Skip to main content

When it comes to scammers, nothing is sacred — including the bond between grandparent and grandchild. Lately, grandparent scammers have gotten bolder: they might even come to your door to collect money, supposedly for your grandchild in distress.

These kinds of scams still start with a call from someone pretending to be your grandchild. They might speak softly or make an excuse for why they sound different. They’ll say they’re in trouble, need bail, or need money for some reason. The “grandkid” will also beg you to keep this a secret — maybe they’re “under a gag order,” or they don’t want their parents to know. Sometimes, they might put another scammer on the line who pretends to be a lawyer needing money to represent the grandchild in court.

But, instead of asking you to buy gift cards or wire money (both signs of a scam), the scammer tells you someone will come to your door to pick up cash. Once you hand it over, your money is gone. But you might get more calls to send money by wire transfer or through the mail.

To avoid these scams and protect your personal information:

  • Take a breath and resist the pressure to pay. Get off the phone and call or text the person who (supposedly) called. If you can’t reach them, check with a family member to get the real story. Even though the scammer said not to.
  • Don’t give your address, personal information, or cash to anyone who contacts you. And anyone who asks you to pay by gift card or money transfer is a scammer. Always.
  • Check your social media privacy settings and limit what you share publicly. Even if your settings are on private, be careful about what personal identifiers you put out on social media.

If you lost money to this kind of scam, it was a crime, so file a report with local law enforcement. And if you get any kind of scam call, report it at

Telephone scammer calling a grandparent posing as a grandchild with play button indicating video

It is your choice whether to submit a comment. If you do, you must create a user name, or we will not post your comment. The Federal Trade Commission Act authorizes this information collection for purposes of managing online comments. Comments and user names are part of the Federal Trade Commission’s (FTC) public records system, and user names also are part of the FTC’s computer user records system. We may routinely use these records as described in the FTC’s Privacy Act system notices. For more information on how the FTC handles information that we collect, please read our privacy policy.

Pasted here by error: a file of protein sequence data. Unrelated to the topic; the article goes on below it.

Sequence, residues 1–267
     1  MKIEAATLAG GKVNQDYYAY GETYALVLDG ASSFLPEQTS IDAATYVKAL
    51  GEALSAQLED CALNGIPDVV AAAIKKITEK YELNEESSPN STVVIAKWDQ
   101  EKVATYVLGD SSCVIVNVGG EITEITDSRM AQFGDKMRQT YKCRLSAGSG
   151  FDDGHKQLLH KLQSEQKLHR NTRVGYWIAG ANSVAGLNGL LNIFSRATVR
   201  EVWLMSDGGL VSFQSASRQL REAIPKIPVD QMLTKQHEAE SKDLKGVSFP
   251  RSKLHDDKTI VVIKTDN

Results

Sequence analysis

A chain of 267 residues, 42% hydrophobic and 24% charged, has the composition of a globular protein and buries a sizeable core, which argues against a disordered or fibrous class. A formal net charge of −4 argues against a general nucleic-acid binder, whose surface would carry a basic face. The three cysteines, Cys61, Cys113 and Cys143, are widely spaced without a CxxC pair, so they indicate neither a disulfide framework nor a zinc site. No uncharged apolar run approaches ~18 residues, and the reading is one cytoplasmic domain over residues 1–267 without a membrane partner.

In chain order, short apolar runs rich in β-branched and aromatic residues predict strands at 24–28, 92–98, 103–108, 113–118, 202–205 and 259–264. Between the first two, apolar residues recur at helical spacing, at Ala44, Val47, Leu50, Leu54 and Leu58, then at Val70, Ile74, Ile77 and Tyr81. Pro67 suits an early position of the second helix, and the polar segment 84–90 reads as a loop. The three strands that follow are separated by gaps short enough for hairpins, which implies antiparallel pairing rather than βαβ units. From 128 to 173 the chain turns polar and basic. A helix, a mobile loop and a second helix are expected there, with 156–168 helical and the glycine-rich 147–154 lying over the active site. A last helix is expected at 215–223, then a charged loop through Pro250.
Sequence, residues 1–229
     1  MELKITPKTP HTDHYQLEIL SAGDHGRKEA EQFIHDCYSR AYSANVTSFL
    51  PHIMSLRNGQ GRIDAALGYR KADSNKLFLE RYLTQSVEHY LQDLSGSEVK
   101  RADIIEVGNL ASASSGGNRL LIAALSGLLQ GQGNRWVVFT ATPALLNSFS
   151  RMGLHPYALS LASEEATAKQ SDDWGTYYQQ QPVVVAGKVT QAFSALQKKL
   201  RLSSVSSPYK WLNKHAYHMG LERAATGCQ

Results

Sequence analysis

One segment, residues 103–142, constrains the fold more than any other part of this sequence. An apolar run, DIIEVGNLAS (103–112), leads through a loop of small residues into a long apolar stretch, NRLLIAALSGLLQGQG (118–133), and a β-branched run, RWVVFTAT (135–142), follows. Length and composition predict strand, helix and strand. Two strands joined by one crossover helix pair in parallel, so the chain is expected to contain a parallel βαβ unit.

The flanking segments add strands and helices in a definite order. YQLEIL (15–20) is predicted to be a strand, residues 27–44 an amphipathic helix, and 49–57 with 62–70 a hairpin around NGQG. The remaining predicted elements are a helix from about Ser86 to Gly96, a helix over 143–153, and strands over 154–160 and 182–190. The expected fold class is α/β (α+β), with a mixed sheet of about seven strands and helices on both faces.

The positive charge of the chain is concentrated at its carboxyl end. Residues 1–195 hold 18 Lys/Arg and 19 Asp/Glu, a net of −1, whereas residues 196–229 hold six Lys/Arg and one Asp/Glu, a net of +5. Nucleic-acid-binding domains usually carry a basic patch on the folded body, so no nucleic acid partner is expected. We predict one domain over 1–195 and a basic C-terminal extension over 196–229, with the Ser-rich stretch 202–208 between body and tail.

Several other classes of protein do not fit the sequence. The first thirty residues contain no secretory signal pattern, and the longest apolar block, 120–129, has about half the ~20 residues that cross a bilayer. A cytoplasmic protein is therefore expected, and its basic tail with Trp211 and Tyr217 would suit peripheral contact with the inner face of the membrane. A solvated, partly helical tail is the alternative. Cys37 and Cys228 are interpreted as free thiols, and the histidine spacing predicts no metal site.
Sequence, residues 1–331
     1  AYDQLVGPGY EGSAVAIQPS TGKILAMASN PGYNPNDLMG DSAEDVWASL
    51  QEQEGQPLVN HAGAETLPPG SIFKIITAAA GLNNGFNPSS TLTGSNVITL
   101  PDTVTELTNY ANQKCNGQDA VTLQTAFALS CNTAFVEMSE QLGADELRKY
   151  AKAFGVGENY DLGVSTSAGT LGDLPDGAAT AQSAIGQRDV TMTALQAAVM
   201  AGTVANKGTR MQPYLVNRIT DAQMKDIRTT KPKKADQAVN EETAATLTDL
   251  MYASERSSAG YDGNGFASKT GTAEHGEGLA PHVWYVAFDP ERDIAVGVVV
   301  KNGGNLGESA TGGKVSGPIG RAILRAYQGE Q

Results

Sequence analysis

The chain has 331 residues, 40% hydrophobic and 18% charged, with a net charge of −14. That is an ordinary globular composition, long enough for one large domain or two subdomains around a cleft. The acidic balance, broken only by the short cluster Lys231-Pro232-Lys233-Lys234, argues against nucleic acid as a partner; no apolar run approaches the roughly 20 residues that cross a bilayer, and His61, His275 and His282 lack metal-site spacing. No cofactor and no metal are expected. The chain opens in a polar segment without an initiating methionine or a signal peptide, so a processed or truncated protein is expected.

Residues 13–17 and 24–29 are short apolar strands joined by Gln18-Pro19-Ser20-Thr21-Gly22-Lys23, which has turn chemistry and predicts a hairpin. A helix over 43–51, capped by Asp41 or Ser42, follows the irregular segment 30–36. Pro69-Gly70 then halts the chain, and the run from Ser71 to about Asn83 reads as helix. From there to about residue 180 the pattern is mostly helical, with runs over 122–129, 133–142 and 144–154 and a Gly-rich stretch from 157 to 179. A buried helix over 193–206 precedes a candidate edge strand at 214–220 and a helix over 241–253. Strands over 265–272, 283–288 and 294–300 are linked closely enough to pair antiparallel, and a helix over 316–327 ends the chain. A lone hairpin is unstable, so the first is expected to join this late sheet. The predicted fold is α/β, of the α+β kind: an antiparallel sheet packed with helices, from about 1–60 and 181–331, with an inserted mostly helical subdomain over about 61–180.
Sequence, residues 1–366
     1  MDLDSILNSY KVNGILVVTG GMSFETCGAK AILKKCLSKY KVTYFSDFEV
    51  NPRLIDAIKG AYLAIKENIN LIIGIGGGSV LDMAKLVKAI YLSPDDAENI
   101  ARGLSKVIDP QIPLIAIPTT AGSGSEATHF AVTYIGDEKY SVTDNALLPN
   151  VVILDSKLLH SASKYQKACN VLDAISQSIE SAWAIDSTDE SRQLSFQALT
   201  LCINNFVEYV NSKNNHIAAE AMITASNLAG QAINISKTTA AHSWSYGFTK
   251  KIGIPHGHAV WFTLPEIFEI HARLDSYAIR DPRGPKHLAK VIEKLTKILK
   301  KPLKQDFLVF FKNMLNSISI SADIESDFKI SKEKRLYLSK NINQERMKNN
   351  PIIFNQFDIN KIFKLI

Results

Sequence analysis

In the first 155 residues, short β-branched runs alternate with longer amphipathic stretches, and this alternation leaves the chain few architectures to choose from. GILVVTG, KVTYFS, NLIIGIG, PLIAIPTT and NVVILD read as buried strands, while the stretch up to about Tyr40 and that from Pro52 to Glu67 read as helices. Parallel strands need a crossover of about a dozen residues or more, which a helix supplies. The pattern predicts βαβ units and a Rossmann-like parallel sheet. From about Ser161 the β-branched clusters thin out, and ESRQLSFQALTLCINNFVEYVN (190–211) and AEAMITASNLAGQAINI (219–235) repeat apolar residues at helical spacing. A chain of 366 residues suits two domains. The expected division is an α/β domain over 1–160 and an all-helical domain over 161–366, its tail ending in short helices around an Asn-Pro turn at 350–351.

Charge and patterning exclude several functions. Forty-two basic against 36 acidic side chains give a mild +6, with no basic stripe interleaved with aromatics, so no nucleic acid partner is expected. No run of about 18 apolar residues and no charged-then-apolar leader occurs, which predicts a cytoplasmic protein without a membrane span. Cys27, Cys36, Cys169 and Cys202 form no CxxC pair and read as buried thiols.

The purpose of this blog and its comments section is to inform readers about Federal Trade Commission activity, and share information to help them avoid, report, and recover from fraud, scams, and bad business practices. Your thoughts, ideas, and concerns are welcome, and we encourage comments. But keep in mind, this is a moderated blog. We review all comments before they are posted, and we won’t post comments that don’t comply with our commenting policy. We expect commenters to treat each other and the blog writers with respect.

  • We won’t post off-topic comments, repeated identical comments, or comments that include sales pitches or promotions.
  • We won’t post comments that include vulgar messages, personal attacks by name, or offensive terms that target specific people or groups.
  • We won’t post threats, defamatory statements, or suggestions or encouragement of illegal activity.
  • We won’t post comments that include personal information, like Social Security numbers, account numbers, home addresses, and email addresses. To file a detailed report about a scam, go to

We don't edit comments to remove objectionable content, so please ensure that your comment contains none of the above. The comments posted on this blog become part of the public domain. To protect your privacy and the privacy of other people, please do not include personal information. Opinions in comments that appear in this blog belong to the individuals who expressed them. They do not belong to or represent views of the Federal Trade Commission.

Bebopbob …
April 13, 2021
Wow ! So sad.
KY Lady
April 13, 2021
Have a family password and give it to the kids and grandkids. If you get one of these calls for "help," ask the caller for the family password. Then see how fast they hang up.
April 13, 2021

In reply to by KY Lady

Good advice! Scammers are getting more and more sophisticated, even some pros get conned. Always suspect any unsolicited calls, texts, or other messages. Like the article states, never give any personal or banking info to any unsolicited contacts.
April 13, 2021
Your effort to fight consumer fraud is very much appreciated. After hackers used my social security number, and god knows what else they got from my internet devices; reporting all of these breaches to authorities,federal and local, I have never heard what happened - as a result of my notification - to me and the rest of these crime victims. I still getting threading phone calls which I no longer care to report. The situation is too sad to express.
April 13, 2021
I actually got a call from someone who was supposedly my grand son. The problem they didn't realize was that I don't have a grandson. So, I played along for about 20 minutes. I was asking all sorts of questions, to which they lied. As they were getting really exasperated I finally told them that they were scammers and I was going to report them. Click...
Whisker's Mom
April 14, 2021
Grandma Knows
April 26, 2021
This happened to me a couple months ago. I knew immediately what it was because I had heard about this scam AND my grandsons live with me and were sleeping safely in their beds. I played along for a bit, not giving any info and when the "attorney" called who was representing my so called jailed grandson, and who was getting very stern with me about helping my loved one, I told them the jig was up ... click.